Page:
exchanges currently impose.


                                                                                                      29
 Companies intending to list on Nasdaq Dubai               Nasdaq Dubai also offers an opportunity to global
 are free to set their own issue price when they           companies from outside the region looking to list
 sell shares through IPOs. In contrast, regulations        (or dual list) their shares on the exchange as a means
 in many countries in the region require                   of tapping into the large pool of investable assets
 companies to offer shares through IPOs at par             in the region. For international investors, Nasdaq
 or as estimated and evaluated by local                    Dubai provides the main gateway to opportunities
 authorities, which may be well below their                in the emerging markets of the region.
 true value.




30    Doing Business in the Dubai International Financial Centre
Chapter 5
Business Licensing and Financial
Services Regulation




                                   31
Chapter 5

Business Licensing and Financial Services Regulation

Introduction – Setting up in the DIFC                       be established at DIFC and provide the potential
This chapter discusses the business registration            applicant with a preliminary assessment of the
and financial services licensing procedures for              merits of the intended application.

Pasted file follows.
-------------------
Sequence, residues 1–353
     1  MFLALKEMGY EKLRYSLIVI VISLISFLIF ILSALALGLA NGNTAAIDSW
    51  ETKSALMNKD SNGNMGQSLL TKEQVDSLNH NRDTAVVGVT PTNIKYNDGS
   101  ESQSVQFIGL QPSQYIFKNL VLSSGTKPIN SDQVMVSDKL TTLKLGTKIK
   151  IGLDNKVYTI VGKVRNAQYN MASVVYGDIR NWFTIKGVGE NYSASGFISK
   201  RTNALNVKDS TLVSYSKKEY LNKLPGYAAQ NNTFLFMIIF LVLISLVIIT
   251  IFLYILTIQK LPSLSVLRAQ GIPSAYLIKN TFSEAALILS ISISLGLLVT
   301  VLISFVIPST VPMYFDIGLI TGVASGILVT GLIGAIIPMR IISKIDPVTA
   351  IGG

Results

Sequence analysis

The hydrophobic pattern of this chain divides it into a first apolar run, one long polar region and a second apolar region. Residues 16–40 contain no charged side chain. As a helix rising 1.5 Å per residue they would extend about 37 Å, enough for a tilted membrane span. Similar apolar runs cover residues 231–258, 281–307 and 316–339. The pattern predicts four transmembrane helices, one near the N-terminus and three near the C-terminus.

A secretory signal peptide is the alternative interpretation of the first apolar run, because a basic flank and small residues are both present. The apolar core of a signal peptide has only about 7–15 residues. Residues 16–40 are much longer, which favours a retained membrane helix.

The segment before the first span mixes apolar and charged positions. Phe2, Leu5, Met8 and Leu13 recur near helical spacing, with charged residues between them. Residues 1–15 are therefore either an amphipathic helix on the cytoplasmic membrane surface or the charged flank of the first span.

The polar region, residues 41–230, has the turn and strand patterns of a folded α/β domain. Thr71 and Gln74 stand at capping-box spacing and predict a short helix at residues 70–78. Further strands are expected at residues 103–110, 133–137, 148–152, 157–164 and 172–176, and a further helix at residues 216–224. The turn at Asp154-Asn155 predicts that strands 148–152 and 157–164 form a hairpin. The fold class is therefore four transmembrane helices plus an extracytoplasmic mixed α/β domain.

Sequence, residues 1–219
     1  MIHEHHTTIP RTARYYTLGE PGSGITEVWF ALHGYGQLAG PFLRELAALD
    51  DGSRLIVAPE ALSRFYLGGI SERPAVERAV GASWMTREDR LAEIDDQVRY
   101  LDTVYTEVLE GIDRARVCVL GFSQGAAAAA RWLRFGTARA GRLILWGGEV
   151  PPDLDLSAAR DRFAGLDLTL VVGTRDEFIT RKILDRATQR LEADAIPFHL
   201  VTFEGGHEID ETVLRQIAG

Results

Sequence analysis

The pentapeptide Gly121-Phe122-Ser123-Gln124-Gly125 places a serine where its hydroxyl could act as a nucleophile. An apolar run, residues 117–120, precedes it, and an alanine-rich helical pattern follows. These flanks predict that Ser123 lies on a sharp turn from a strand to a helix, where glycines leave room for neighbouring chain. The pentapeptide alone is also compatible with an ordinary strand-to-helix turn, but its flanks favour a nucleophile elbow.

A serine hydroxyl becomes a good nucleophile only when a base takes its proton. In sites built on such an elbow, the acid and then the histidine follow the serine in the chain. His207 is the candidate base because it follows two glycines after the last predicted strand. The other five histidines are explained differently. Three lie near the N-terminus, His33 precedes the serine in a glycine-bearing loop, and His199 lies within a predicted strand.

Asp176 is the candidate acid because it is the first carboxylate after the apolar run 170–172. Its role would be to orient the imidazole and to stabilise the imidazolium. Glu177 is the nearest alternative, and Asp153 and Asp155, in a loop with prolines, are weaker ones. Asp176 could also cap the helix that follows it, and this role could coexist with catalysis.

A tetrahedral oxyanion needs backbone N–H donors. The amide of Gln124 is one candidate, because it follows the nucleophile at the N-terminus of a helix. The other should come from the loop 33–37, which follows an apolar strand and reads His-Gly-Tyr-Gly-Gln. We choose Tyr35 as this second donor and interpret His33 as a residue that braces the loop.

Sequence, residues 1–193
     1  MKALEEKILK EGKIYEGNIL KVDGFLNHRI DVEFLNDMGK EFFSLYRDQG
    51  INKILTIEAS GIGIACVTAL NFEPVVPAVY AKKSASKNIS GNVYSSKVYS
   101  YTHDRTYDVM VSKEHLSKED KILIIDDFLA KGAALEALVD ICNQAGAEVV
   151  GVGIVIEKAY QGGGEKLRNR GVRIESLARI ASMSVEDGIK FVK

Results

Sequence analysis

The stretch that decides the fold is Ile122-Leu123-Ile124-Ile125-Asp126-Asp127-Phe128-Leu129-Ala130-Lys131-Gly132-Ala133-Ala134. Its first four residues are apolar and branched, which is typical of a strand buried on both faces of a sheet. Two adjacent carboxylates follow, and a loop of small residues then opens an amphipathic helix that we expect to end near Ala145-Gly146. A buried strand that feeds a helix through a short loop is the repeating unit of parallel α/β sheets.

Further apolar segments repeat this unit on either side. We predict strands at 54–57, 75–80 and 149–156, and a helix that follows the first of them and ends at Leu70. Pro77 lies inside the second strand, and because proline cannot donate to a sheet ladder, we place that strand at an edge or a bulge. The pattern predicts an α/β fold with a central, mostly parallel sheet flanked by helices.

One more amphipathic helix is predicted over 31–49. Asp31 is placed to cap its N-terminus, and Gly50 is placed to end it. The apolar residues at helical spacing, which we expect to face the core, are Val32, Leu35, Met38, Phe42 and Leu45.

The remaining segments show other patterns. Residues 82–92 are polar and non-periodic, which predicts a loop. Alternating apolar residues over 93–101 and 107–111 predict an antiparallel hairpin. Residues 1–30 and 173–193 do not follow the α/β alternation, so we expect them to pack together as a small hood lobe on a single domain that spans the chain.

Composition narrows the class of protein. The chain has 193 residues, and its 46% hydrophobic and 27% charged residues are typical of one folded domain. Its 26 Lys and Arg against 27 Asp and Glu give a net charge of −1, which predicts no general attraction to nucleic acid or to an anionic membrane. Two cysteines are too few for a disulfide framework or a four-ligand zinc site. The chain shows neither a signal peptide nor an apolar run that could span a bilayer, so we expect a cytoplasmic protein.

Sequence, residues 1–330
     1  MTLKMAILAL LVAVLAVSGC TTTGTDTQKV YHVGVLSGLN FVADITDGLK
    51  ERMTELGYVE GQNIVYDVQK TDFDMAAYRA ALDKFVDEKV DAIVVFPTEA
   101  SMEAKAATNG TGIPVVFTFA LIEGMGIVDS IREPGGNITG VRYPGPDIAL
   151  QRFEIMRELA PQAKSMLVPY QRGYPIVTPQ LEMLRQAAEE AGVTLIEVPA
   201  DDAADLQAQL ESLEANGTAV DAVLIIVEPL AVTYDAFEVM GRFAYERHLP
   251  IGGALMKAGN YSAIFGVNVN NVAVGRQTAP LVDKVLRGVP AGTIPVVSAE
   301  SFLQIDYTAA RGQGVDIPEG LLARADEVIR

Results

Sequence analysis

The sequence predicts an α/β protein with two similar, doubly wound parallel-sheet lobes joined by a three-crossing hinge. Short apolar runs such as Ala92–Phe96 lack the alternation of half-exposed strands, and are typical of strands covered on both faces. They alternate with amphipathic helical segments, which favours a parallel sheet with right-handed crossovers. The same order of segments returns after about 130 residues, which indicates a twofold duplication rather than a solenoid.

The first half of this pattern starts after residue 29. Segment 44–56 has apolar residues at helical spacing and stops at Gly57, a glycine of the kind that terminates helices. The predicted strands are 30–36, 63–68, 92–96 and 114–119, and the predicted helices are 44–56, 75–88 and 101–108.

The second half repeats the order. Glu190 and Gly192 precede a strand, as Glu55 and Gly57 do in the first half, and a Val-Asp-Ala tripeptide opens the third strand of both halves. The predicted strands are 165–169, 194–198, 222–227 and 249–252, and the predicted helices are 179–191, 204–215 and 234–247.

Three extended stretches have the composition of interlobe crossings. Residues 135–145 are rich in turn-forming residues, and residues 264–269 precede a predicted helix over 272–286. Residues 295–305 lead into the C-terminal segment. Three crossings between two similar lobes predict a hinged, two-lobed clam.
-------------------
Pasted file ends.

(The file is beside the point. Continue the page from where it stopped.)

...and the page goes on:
persons (individual or corporate) intending to set
up a business entity within DIFC. It also provides          The Business Development Team is structured
an overview of the supervisory and enforcement              along the lines of the primary sectors of focus
functions of the DFSA.                                      of DIFC and, accordingly, is divided into sections
                                                            dedicated to banking and brokerage services,
The Registrar of Companies (“ROC”) is the entity            wealth management, reinsurance and captive
responsible for incorporating and registering               insurance, Islamic finance, ancillary services, and
all entities that operate within DIFC. Any entity           business infrastructure and corporate offices.
that intends to operate in the DIFC should be
incorporated or registered under the relevant DIFC          The appropriate section of the Business
law. In addition, businesses engaged in financial            Development Team will also provide the potential
services and related activities within DIFC are             applicant with an overview of DIFC; the licensing